Rejected FAA airport identifiers:
Source: Cleveland Airport Authority
CLEVELAND, Tenn. -- The Tasso airport site will be a busy place this summer, members of the Cleveland Municipal Airport Authority were told Friday.
"This will become complicated as all the moving pieces start moving," said Ronnie Fitzgerald with the consulting firm PDC.
Construction workers will be grading and paving the runway, installing lights and technical equipment and building the terminal building and hangars, he said. Hangar owners at the current airport, Hardwick Field, could be moving those to the new site, too.
The authority took action on several fronts Friday to get the new site ready by the end of the year.
One step will be hiring a director of marketing and operations. Chairman Lynn DeVault said an advertisement for the position will run March 25 in Cleveland and Chattanooga newspapers and aviation publications.
Other Friday actions include seeking a Tennessee Aeronautics Division grant for some of the terminal's security lights and gates; setting rates for hangar rental space, although those could change later; accepting the terminal design; and advertising for construction bids for the terminal building.
And, just as Chattanooga's airport carries the Federal Aviation Administration identifier CHA and Atlanta's is ATL, an identifier will be needed for the Cleveland facility. An FAA computer generates the suggestions, but airport authority members didn't really like any of the six offered.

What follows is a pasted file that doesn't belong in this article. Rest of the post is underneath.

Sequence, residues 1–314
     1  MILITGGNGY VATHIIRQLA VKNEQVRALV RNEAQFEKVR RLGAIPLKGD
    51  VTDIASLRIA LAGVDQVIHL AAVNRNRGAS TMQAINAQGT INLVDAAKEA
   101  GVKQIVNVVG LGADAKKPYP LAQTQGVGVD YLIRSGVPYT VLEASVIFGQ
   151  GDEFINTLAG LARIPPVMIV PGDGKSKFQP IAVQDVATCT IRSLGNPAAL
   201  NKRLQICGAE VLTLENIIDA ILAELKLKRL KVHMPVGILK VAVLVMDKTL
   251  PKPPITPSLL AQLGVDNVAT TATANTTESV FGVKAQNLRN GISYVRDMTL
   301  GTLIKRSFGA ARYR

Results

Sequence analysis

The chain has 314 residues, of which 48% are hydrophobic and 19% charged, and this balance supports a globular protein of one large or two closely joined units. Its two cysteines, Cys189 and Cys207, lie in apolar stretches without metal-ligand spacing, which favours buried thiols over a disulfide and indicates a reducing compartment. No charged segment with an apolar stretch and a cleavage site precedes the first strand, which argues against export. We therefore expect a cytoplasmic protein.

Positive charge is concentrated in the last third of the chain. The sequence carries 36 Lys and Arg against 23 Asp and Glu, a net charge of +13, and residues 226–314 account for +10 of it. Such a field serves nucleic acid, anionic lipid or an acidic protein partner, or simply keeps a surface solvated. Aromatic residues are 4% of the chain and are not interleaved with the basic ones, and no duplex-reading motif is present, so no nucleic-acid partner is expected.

Those combinations are EIV, OQP, PMF, PZF, PZW and RZR.
"We should come up with more and ask again," DeVault said.
The abbreviation identifiers must not duplicate others within a prescribed distance. Cleveland, Ohio's airport identifier is CLE.
Given that there are 26 letters in the alphabet, authority member LeRoy Rymer said, there likely will be more choices from the 17,576 possible combinations.
Randall Higgins covers news in Cleveland, Tenn., for the Times Free Press. He started work with the Chattanooga Times in 1977 and joined the staff of the Chattanooga Times Free Press when the Free Press and Times merged in 1999. Randall has covered Southeast Tennessee, Northwest Georgia and Alabama. He now covers Cleveland and Bradley County and the neighboring region. Randall is a Cleveland native. He has bachelor’s degree from Tennessee Technological University. His awards ...